The U.S. Constitution guarantees certain freedoms–but it appears federally funded schools aren’t free to teach about these whenever they want.

If you didn’t read the Federal Register on May 24, you might have missed an important Notice of Implementation from the U.S. Department of Education’s (ED’s) Office of Innovation and Improvement. It says Congress has passed legislation that requires all educational institutions receiving federal funding to hold an educational program pertaining to the United States Constitution on Sept. 17 each year.

For those of us who are not history buffs (or are too old to remember our U.S. history course in high school), the U.S. Constitution was signed on Sept. 17, 1787. From now on, Sept. 17 will be known as “Constitution Day and Citizenship Day.” If that date falls on a Saturday, Sunday, or holiday, the day must be observed either the week before or the week after Sept. 17.

An educational program must be held on Constitution Day and Citizenship Day by any school that receives federal funding from any department, not just ED–regardless of when in the curriculum or school year this topic generally falls. Some people will not be surprised to learn that there are no authorized funds to carry out this requirement; however, the Federal Register notice contains some web site resources with information to help you develop lesson plans and activities for this special day. According to the notice, ED’s Assistant Deputy Secretary for Innovation and Improvement would like this new requirement to be observed starting this fiscal year–about two months from now.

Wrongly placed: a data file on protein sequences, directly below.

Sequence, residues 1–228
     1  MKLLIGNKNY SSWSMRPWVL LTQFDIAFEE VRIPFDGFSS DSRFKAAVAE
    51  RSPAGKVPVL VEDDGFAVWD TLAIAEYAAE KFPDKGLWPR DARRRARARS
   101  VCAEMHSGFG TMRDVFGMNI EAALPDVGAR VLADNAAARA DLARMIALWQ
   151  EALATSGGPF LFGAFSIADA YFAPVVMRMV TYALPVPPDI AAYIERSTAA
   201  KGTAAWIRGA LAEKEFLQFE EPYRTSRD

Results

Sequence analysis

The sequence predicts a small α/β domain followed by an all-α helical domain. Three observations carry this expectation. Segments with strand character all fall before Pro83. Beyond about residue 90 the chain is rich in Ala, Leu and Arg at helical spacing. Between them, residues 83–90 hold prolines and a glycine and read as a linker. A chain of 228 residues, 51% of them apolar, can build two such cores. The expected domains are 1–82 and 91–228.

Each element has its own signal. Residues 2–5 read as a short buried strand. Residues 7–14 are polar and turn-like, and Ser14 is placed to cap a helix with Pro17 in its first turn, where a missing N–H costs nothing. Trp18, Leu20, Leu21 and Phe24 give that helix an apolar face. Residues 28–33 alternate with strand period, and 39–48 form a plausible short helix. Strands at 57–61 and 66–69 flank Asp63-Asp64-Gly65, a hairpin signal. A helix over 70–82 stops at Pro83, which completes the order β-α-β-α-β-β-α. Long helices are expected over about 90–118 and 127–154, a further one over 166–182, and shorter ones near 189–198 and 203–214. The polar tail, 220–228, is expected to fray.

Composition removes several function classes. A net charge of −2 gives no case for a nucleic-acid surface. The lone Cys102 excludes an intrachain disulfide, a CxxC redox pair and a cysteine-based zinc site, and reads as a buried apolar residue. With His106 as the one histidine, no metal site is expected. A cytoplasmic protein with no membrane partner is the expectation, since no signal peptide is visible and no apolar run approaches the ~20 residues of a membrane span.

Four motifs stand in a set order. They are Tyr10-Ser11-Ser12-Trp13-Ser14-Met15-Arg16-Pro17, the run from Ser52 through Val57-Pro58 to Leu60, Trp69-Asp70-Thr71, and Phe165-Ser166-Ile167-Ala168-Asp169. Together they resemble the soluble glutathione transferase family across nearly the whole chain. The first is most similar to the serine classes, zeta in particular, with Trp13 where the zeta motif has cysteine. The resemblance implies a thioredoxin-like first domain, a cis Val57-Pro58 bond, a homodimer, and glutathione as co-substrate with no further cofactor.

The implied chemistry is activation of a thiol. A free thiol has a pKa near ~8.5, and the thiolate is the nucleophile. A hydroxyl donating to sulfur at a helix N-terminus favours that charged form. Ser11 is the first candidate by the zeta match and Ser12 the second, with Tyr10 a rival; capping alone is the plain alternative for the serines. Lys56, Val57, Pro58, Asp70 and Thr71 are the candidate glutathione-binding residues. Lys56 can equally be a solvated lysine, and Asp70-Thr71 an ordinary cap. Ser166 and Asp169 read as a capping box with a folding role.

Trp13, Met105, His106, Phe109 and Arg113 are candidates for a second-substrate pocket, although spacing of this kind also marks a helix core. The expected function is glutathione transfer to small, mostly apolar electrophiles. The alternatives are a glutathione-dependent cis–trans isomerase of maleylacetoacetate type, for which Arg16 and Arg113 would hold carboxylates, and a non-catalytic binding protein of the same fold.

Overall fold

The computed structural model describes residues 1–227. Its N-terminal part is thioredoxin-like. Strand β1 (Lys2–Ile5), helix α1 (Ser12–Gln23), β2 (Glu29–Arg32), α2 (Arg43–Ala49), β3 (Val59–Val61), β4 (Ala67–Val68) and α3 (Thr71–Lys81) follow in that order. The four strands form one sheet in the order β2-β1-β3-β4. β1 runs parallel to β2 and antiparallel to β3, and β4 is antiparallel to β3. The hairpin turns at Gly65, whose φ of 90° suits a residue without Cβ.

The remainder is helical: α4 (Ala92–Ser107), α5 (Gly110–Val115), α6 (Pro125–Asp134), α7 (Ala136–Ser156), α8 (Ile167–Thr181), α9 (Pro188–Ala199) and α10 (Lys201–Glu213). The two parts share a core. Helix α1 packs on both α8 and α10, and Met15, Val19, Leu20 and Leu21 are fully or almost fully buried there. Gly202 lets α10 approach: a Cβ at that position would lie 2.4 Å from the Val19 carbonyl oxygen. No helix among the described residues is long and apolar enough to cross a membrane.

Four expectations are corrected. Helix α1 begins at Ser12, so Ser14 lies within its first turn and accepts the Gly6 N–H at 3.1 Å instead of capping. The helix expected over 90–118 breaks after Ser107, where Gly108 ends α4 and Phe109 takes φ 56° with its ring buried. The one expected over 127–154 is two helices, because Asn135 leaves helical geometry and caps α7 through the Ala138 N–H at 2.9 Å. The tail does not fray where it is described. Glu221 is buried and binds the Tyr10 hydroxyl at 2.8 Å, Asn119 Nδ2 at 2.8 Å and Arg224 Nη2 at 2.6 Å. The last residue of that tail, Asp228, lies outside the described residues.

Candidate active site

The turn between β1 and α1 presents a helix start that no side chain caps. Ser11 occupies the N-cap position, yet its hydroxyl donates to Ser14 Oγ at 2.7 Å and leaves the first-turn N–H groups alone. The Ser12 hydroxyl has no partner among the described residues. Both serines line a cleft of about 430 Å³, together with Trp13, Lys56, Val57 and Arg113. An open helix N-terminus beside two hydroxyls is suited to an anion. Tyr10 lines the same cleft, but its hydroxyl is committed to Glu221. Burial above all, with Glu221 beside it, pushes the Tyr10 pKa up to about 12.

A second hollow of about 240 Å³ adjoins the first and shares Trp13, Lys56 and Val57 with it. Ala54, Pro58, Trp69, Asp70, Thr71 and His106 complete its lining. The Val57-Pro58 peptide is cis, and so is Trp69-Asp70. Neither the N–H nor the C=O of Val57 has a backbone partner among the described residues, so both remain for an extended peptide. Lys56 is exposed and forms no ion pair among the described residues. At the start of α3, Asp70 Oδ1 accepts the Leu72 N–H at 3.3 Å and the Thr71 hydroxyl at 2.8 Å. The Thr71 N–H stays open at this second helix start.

Missing from the notice is how ED plans to monitor educational institutions’ participation in Constitution Day and Citizenship Day. Nor are any penalties outlined for those who do not abide by the regulation.

(By no means am I insinuating that schools deliberately will not, or should not, observe this event on Sept. 17. I just wonder whether there will be any penalties imposed, and if so, what will they be? Will federal funding be withheld during the current fiscal year? Will the amount of federal funding be lowered in the following fiscal year? And how would ED know if schools are not complying with the law?)

Why am I even discussing this in a column that deals with grants and funding? First of all, I thought it was important to call this requirement to your attention, in case you hadn’t seen it before. If there is any mechanism for penalizing schools that do not comply, you shouldn’t be caught unaware. But as I was reading this Federal Register notice, a few additional thoughts and questions began to take form in my mind.

I have talked to many grantees over the years, and some have expressed a feeling of being “at the mercy” of funders. They feel pressured in a variety of ways, not the least of which is the need to complete specific pieces of paperwork by certain deadlines in order to receive funding. In some cases, however, funders have even taken a very hands-on approach and actually played a role in carrying out a project they are funding. Some grantees have put forth the question, “When is enough, enough?” Should grantees be willing to jump through every hoop that is put in front of them by a funder in order to receive financial support? Should a grantee have the right to negotiate some of the conditions that a funder requires–or is it wiser to agree to all of the conditions in order to get the money and not jeopardize future funding?

And now, the majority of school districts must observe Constitution Day and Citizenship Day on Sept. 17 because they receive federal funds to help educate their students. Is the government going too far? I’d love to learn your thoughts about this topic, and I’ll develop a follow-up article with your opinions.

See this related link:

Federal Register notice

Deborah Ward, CFRE, is an independent grant writing consultant. She welcomes questions at (717) 295-9437 or